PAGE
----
Swish 3×3 basketball tournament a slam dunk

Artem Zhurakovkii, the founder of the tournament, expressed how pleased he was with the results

After half a year of planning, preparation, phone calls, emails, discussions and negotiations, Artem Zhurakovkii, the Swish 3×3 basketball tournament’s founder, can now sigh a sigh of relief.

In the realm of student-led events, grabbing sponsors’ attention can be a formidable challenge. Zhurakovkii had sponsors, like Popeyes, in his 2023 tournament, but this time it was big. For the first time, the event had a money prize.

“It’s challenging to attract sponsors’ attention to events like ours,” Zhurakovskii said. “We are a student group with high hopes and dreams. I am glad that Popeyes, Kamloops KIA, TRUSU and Wolfpack trusted us and helped us out. Their attendance made the event better.”

Operating on a tight budget, Zhurakovskii highlighted their reliance on social media and creativity to draw attention and participants to the tournament.

“We bet on social media and creativity a lot,” Zhurakovskii said. As a student group with limited resources, we don’t have spare money to spend on advertising. That’s the reason we are trying to come up with engaging content that will bring more attention and participants to the event.”

It all paid off, as the event garnered international attention.

“Once, a team from Bangladesh wanted to fly to Kamloops and participate in our event. It was the craziest one! Apart from that, we had international students playing from almost all continents of the world, not counting Antarctica, though.”

Events like this always require careful planning, but sometimes things don’t go along the plans.

“Always,” Zhurakovkii said. “Event planning is always about challenges and how you can approach them to deliver participants the best experience. The gym looked like a construction zone all week long before the tournament. Fortunately, the workers finished on time, but we were ready to come and help them on Friday if needed.”

For Zhurakovkii, this Swish event, the third he has organized, was bittersweet, as it was his last before graduation.

“[I am] very happy and sad at the same time,” Zhurkovkii said. “I love this project; it’s part of my life. I have put a lot of effort into it and established a new thing for local basketball players. Now that I am graduating from TRU, I still have no idea where I will get a job. If I get something here in Kamloops, wait for the fourth chapter of this basketball novel next year.”

One of the volunteers chatted with Omega about how the event went from his perspective. Timur Zonduev is a first-year international student at TRU. Zonduev, who is from Russia, played for one of the teams at the tournament and shared why he decided to join the Swish family.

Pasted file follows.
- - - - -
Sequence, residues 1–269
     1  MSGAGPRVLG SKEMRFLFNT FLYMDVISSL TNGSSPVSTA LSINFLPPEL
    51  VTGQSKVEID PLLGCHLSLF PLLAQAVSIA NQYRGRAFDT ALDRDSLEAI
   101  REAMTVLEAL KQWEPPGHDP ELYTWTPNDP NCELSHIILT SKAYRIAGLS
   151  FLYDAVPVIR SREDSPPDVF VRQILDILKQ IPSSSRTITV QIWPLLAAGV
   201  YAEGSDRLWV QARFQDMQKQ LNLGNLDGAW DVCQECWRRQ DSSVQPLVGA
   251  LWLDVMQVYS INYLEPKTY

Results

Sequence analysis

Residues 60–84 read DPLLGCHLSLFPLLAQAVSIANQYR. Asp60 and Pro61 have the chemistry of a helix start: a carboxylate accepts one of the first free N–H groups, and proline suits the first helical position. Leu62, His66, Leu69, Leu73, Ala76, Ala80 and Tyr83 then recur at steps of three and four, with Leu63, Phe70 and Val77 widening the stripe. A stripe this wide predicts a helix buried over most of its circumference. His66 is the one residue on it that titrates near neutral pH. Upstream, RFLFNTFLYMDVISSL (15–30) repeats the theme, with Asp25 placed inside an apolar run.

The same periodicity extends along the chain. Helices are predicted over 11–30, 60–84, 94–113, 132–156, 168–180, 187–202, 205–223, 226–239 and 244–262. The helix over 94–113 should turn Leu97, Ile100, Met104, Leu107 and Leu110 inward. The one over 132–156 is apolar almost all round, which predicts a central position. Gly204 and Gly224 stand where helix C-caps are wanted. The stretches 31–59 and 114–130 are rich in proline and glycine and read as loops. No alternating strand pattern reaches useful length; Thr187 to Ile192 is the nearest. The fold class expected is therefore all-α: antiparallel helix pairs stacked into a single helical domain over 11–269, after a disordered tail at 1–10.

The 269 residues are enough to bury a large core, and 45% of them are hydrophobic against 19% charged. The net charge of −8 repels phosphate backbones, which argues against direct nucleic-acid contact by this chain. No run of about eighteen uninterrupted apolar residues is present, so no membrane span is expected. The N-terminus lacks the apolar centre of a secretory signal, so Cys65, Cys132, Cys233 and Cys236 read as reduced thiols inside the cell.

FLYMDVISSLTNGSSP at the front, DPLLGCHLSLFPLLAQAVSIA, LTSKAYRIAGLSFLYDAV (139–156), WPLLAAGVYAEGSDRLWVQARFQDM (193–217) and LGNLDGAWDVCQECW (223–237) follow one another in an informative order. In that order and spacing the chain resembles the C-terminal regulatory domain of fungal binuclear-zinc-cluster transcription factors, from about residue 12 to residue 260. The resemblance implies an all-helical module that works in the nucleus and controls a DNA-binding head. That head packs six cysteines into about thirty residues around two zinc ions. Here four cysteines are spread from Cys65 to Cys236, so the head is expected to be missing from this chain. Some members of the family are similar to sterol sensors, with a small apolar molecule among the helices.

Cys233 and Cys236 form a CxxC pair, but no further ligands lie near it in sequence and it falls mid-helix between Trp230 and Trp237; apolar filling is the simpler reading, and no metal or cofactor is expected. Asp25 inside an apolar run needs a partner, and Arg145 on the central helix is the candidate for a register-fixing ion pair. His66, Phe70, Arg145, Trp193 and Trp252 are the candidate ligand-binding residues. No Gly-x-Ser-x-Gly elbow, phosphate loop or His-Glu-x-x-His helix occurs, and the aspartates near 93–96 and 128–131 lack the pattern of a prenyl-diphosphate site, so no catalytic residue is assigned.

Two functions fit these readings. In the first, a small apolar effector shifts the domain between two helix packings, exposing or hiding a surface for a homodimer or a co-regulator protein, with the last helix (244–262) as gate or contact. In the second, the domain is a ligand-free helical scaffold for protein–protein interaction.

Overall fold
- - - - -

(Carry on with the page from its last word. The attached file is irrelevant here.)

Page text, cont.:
“Basketball is a huge part of my life. It’s very interesting if there are any opportunities to join the basketball community,” Zonduev said. “Artyom is my best friend, so it was my duty to help. It was splendid. It’s my first experience [playing] foreign basketball. It’s very competitive, very unique.”

Zonduev participated in the event as both a volunteer and a competitor.

“Actually, I was very surprised with the result of my team,” Zonduev said. “I thought we’d lose right away. Guys in my team were very skillful. The fact that we advanced to play in the playoffs was very interesting. All of the competitors did their best.”

Similar to Zonduev, Connor Gunn, a member of the winning team, credited his friendship with Zhurakovskii as his motivation for entering the tournament.

“Well, honestly, Artyom was the reason why I decided to participate,” Gunn said. “He’s that guy who works his tail off [and] really knows how to run an event. He knows how to get the crowd involved; [how to] get people from school and university to come out. He puts on a good show. Everyone should be grateful for having him here in TRU. He’s an exceptional young man and a hard-working individual.”

According to Gunn, this year’s Swish 3×3 tournament was better than the last.

“I participated in last year. It wasn’t nearly as good, or maybe I wasn’t as good. [Still,] it was a great event,” Gunn said. “I [have] loved basketball forever. It’s a cool feeling to win a tournament like [this one]. We all participated to show our support for Artyom, TRU, and all the international students who helped.”

Sometime soon, stop and listen if you find yourself standing in the middle of the TRU gym. Perhaps, if you’re lucky, you’ll hear the echoes of basketballs bouncing and cheers reverberating, a testament to the event’s success and the community it has fostered.